So, I had this idea to make a pinwheel, but not an everyday ordinary pinwheel (as cute as those may be). No. I wanted to make a really big pinwheel. Just for fun, and for the challenge of it (assuming there's a front-end reason most pinwheels are the sizes they are). And it was a challenge. But the end result was as fun. With the challenge part of it overcome, making them is a snap.
Don't be daunted! It's a lot but you probably have most of it on hand.
- Two pieces of 12" x 12" cardstock (only one piece actually needs to be that large; the other can be as much as 1/4 that size)
- Wood dowel
- One 18-gauge 5/8" nail (make sure it has a nice head on it)
- Two pencils, one for marking and one with an eraser you can cut off
- Small knife
- Glue stick
- Tacky glue
- One-sixteenth inch hole punch
- Drill and 1/16" drill bit
If you like, cut your dowel down to about half its original length or about 24" (I used the full 48" length). Drill a hole about 1/2" from one end. Set aside.
Cut the eraser off of a pencil (the eraser should be new or only very slightly worn). Set aside.
Fold a piece of cardstock in half diagonally (corner-to-corner) in both directions to create 4 triangles on the surface.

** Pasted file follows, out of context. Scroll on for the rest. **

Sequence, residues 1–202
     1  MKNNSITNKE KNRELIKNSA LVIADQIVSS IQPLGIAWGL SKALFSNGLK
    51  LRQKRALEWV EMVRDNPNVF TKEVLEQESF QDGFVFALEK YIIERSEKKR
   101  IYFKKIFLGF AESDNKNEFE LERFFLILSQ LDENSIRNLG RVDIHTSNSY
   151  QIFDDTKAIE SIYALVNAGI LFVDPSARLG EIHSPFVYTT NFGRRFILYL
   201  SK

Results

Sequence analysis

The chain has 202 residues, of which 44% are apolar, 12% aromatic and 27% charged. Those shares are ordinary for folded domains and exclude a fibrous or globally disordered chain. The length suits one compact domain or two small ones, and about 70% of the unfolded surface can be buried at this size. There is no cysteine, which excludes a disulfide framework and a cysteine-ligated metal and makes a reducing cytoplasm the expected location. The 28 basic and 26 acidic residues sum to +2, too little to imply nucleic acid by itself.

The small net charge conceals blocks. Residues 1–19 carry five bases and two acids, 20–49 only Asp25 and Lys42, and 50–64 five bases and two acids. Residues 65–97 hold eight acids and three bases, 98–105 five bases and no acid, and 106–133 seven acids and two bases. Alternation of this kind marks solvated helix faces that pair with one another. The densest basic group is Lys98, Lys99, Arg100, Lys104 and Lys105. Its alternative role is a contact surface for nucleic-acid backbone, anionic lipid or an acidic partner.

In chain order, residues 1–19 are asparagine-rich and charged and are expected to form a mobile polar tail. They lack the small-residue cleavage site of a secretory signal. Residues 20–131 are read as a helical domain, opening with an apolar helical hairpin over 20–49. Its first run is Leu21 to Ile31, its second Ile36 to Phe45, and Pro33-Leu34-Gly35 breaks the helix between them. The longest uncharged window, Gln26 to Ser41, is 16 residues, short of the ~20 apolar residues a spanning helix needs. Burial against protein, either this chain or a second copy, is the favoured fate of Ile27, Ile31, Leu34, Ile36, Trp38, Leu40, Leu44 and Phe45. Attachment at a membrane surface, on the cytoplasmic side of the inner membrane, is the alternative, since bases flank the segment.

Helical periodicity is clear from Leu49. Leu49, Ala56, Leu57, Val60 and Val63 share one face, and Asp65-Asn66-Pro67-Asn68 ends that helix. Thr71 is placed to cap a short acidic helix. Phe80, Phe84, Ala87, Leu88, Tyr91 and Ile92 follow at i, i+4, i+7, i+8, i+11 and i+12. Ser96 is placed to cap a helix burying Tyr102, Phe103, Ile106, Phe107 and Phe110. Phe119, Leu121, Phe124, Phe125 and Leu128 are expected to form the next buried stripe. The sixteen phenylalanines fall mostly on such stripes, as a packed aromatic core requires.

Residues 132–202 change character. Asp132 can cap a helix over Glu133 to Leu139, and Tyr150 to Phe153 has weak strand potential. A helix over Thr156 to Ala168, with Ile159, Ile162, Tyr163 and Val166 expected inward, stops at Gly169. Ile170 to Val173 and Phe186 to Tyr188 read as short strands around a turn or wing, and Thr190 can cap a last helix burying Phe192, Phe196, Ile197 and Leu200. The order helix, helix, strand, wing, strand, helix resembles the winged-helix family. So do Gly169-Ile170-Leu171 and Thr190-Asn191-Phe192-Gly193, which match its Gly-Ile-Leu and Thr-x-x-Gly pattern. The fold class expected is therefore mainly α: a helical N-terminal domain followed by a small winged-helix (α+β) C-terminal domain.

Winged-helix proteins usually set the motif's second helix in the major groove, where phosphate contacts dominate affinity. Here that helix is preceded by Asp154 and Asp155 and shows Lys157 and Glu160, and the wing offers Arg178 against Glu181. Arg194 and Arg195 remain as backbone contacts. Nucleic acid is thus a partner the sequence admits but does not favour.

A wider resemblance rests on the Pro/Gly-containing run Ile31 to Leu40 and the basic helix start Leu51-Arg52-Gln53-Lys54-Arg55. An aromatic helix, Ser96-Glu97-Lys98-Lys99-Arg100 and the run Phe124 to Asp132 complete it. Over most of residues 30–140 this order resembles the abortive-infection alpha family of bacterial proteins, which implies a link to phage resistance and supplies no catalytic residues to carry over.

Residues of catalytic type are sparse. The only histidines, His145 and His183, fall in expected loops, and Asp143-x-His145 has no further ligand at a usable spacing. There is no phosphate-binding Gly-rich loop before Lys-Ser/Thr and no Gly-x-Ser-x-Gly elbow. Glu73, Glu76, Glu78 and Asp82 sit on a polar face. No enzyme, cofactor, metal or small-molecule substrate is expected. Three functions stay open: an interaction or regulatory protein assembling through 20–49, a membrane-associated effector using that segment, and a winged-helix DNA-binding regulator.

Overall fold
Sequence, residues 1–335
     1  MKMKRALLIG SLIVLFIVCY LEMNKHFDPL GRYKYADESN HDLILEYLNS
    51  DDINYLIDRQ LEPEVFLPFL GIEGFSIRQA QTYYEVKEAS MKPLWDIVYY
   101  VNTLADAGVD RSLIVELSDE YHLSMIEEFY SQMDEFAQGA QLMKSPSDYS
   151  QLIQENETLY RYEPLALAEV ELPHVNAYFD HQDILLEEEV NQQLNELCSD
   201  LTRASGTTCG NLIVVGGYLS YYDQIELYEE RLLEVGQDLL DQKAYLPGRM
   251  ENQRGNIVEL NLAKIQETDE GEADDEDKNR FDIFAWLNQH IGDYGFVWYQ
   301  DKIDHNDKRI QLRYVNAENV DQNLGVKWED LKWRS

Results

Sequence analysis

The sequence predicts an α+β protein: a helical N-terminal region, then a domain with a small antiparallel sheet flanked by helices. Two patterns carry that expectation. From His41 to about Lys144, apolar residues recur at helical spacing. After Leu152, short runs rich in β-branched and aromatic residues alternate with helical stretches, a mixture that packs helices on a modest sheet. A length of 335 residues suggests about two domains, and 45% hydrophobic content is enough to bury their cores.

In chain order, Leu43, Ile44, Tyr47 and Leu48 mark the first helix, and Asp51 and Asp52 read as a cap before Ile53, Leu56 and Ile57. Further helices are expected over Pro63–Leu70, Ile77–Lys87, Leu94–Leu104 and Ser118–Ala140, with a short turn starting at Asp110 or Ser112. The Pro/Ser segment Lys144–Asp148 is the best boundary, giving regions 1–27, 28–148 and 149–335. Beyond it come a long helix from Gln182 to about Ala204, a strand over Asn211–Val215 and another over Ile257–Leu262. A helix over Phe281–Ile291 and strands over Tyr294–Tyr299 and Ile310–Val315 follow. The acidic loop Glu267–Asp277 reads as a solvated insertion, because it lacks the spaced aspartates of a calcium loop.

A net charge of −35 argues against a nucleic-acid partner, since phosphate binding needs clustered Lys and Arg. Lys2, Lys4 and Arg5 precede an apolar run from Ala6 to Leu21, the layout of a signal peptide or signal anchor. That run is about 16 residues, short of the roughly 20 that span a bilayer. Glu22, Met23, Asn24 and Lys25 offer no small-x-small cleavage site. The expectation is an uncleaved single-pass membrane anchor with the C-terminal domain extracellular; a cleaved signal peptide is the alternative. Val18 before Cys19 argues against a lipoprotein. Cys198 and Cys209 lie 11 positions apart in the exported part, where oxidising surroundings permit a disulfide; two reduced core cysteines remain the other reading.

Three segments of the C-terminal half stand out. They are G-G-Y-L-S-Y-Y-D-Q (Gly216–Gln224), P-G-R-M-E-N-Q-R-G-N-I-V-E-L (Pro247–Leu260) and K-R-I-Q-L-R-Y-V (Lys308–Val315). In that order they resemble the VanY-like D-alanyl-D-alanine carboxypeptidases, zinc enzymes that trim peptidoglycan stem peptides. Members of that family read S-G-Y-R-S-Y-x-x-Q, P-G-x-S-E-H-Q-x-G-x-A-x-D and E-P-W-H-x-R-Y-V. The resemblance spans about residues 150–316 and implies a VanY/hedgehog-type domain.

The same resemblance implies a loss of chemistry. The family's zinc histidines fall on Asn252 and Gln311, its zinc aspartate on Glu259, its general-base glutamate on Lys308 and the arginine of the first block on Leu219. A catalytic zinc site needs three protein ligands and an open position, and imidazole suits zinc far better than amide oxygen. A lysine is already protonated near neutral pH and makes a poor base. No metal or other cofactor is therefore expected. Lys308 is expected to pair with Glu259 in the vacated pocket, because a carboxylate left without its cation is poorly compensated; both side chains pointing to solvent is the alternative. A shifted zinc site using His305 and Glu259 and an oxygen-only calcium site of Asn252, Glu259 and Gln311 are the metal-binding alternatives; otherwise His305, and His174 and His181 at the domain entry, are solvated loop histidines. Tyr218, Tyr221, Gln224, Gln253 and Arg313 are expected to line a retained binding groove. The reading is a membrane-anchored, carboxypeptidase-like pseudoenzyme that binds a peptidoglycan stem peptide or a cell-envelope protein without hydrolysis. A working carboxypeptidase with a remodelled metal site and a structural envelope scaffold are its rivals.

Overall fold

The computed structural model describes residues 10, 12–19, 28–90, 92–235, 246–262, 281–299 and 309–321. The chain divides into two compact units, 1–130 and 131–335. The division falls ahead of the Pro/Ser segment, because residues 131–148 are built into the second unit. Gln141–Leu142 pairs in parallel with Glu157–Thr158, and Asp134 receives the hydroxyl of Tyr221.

On the fold lines, make a pencil mark about 1/3 of the way from the center. Cut paper along fold lines up to the pencil marks.
Punch a hole in the left corner of each triangle.
Get your nail. Pull the first triangle corner toward the center of the paper and insert the nail point-first from the top.
Pull the second corner toward the center and position below the first corner and over the point of the nail. Repeat until all four corners are on the nail. Push the nail through the center of the paper.
Hold the pinwheel by the nail from the back and gently flatten the triangles a bit. This will make it easier to work with going forward.
Lay the pinwheel face-down so the end of the nail is pointing up.
Fold the other piece of the cardstock in quarters. Cut along fold lines. Take one square and cut the corners off. Apply glue stick to one side and then push it sticky-side down over the point of the nail. Press into place on the back of the pinwheel. (I would actually cut the paper down a bit more than pictured.)
Flip the pinwheel over while holding everything in place. Insert the pointy end of the nail into the hole in the dowel.
Lay the pinwheel face-down again so the dowel is on top with the nail poking through it. Push the cut-off pencil eraser onto the end of the nail. Adjust its position to allow the pinwheel to spin. Set into place with a dab of tacky glue.
Allow to dry, then gently un-flatten the triangles. You may have to bend them forward from their base a bit too. Stick the whole thing into a planter or a vase filled with stones, or affix to anything tall and free-standing (like a lamp) and wait for a light summer breeze to blow by and spin it.
Until next time --